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Penguin Classics Diary of a Nobody Paperback – International Edition, August 3, 1999
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About the Author
- Publisher : Penguin Classic; 1st edition (August 3, 1999)
- Language : English
- Paperback : 240 pages
- ISBN-10 : 0140437320
- ISBN-13 : 978-0140437324
- Item Weight : 6.7 ounces
- Dimensions : 5.08 x 0.59 x 7.8 inches
- Best Sellers Rank: #4,840,397 in Books (See Top 100 in Books)
- Customer Reviews:
Top reviews from the United States
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The biggest joke is that in fact, this diary of a dedicated clerk in an old-fashioned accounting firm, who has done little else in his life and is quite comfortable with the status quo, is eternally priceless on for its comedy and what it reveals about the Victorian middle-class life and preoccupations that it satirizes. If Mr. Pooter and his friends represent a culture that has grown complacent and overly interested in its own hobby horses and etiquette, his adult son Lupin is the brash younger generation that seeks entertainment and gratification without apology, shaking off musty traditions. The Grossmith brothers--George largely wrote this and Weedon illustrated it as a magazine serial--had no idea that they were creating a historical document as much as a giddy entertainment.
The comedy is absolutely winning. The Grossmiths don't sell Mr. Pooter down the river entirely--they allow him competence at work, some self awareness and wounded dignity--but every diary entry usually sets up his hopes and schemes only to be reported as dashed in the next. Long before Rodney Dangerfield complained that he didn't get respect, Mr. Pooter had every right to cry that out as younger clerks, the neighbors, his son, his son's friends and the servants feel free to regularly contradict and insult him. There is plenty of physical comedy and fashion gone bad. And there is that voice of Mr. Pooter, at once plaintive, hopeful, clueless, sweet but not stupid, who always picks himself up after a fall.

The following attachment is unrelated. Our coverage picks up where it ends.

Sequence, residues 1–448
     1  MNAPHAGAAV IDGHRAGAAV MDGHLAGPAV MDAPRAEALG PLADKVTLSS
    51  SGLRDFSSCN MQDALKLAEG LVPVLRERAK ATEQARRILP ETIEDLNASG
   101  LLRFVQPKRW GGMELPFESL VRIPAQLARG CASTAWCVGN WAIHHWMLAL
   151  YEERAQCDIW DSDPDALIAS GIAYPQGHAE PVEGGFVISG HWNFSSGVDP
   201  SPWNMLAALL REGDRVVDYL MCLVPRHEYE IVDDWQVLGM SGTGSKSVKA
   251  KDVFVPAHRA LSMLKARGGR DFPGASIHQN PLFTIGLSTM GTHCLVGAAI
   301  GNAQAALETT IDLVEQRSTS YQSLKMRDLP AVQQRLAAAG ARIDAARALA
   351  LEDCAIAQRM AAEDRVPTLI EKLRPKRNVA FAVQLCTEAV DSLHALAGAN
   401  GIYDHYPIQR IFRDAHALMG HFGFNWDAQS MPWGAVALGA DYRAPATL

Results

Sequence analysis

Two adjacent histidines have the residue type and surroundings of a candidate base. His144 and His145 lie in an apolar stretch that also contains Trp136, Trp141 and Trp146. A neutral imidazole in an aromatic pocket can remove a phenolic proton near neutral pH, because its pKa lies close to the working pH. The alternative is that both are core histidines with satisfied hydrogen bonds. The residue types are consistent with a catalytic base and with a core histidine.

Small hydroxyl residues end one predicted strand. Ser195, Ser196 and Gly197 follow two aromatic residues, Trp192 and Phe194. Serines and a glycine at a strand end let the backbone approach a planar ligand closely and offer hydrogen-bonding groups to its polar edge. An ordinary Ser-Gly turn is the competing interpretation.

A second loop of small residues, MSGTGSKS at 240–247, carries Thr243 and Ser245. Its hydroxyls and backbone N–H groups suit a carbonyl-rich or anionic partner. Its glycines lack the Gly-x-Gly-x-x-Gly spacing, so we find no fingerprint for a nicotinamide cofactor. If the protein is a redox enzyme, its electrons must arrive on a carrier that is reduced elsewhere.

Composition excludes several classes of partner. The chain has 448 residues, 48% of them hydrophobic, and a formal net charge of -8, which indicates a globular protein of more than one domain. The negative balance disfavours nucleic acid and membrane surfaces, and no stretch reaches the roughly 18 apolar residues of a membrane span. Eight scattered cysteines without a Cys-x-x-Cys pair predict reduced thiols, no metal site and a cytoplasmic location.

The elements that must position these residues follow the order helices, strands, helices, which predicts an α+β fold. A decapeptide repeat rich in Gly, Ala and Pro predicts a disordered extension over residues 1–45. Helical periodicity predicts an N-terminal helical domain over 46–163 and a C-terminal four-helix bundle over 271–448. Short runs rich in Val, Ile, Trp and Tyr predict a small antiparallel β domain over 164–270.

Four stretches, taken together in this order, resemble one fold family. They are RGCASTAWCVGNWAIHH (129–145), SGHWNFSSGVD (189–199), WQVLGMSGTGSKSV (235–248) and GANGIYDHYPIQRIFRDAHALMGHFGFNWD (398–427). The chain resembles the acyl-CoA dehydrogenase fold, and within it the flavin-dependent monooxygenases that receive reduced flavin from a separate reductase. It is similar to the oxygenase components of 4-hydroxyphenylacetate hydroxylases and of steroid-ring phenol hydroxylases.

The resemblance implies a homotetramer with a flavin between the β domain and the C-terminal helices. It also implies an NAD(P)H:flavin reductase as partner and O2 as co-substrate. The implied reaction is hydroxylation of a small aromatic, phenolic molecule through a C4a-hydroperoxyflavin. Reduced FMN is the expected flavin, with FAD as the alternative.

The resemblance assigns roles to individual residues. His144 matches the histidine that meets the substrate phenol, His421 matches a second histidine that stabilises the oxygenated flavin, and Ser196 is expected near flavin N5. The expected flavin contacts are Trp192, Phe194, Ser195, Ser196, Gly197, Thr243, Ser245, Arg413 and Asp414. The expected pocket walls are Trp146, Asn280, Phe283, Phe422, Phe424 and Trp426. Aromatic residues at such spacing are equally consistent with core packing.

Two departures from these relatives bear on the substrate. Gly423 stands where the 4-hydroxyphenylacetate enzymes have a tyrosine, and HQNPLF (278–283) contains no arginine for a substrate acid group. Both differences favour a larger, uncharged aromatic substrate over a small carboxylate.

"I fail to see" said Mr. Pooter to himself one day," - because I do not happen to be a 'Somebody'-why my diary should not be interesting and published." So publish he does, or rather two brothers, George and Weedon Grossmith created and publish a series of humorous articles for the magazine Punch that were eventually published in 1892 as the book Diary of a Nobody.
Mr. Pooter soon proves to us that he certainly is not a "Somebody" but the little details of his so little life are surprisingly engaging and eventually, as you close and shelve the book, you find that you can feel at least a "warm regard" for this character. Of course, few of us will be able to hold him in the highly pretentious regard he holds himself, or enjoy his "puns" and little jokes quite as much as he does!
But most readers will find they have a chuckling sympathy for Mr. Pooter's struggle for a decent life.
Top reviews from other countries
First sentence, from Project Gutenberg, which is as it should be:
"We settle down in our new home, and I resolve to keep a diary. Tradesmen trouble us a bit, so does the scraper. The Curate calls and pays me a great compliment."
First sentence, from Kindle, which is just odd:
"We settle down in our new domestic, and I remedy to hold a diary. Tradesmen hassle us a piece, so does the scraper. The Curate calls and can pay me a amazing praise."
It doesn't get any better. It's utterly unreadable. Returned for a refund.